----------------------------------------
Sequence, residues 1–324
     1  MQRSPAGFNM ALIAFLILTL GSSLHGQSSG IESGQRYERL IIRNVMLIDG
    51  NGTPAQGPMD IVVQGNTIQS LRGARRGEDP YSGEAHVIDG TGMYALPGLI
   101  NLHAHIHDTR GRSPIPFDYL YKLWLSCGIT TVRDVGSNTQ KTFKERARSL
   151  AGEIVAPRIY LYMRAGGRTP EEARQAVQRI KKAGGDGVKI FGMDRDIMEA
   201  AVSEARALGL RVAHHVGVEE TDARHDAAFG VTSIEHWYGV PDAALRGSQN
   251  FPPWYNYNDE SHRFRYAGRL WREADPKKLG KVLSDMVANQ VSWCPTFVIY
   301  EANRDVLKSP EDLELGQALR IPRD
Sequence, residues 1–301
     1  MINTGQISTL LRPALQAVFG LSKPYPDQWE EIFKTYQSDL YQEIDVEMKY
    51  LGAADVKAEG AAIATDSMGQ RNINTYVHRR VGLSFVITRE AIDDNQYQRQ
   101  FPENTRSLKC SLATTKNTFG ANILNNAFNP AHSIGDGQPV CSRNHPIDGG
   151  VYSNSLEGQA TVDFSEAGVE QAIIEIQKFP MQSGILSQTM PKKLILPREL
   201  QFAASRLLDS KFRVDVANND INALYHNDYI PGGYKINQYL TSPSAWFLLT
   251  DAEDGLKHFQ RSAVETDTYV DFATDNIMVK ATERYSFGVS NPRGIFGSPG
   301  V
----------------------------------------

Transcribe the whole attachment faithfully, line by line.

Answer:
Sequence, residues 1–324
     1  MQRSPAGFNM ALIAFLILTL GSSLHGQSSG IESGQRYERL IIRNVMLIDG
    51  NGTPAQGPMD IVVQGNTIQS LRGARRGEDP YSGEAHVIDG TGMYALPGLI
   101  NLHAHIHDTR GRSPIPFDYL YKLWLSCGIT TVRDVGSNTQ KTFKERARSL
   151  AGEIVAPRIY LYMRAGGRTP EEARQAVQRI KKAGGDGVKI FGMDRDIMEA
   201  AVSEARALGL RVAHHVGVEE TDARHDAAFG VTSIEHWYGV PDAALRGSQN
   251  FPPWYNYNDE SHRFRYAGRL WREADPKKLG KVLSDMVANQ VSWCPTFVIY
   301  EANRDVLKSP EDLELGQALR IPRD
Sequence, residues 1–301
     1  MINTGQISTL LRPALQAVFG LSKPYPDQWE EIFKTYQSDL YQEIDVEMKY
    51  LGAADVKAEG AAIATDSMGQ RNINTYVHRR VGLSFVITRE AIDDNQYQRQ
   101  FPENTRSLKC SLATTKNTFG ANILNNAFNP AHSIGDGQPV CSRNHPIDGG
   151  VYSNSLEGQA TVDFSEAGVE QAIIEIQKFP MQSGILSQTM PKKLILPREL
   201  QFAASRLLDS KFRVDVANND INALYHNDYI PGGYKINQYL TSPSAWFLLT
   251  DAEDGLKHFQ RSAVETDTYV DFATDNIMVK ATERYSFGVS NPRGIFGSPG
   301  V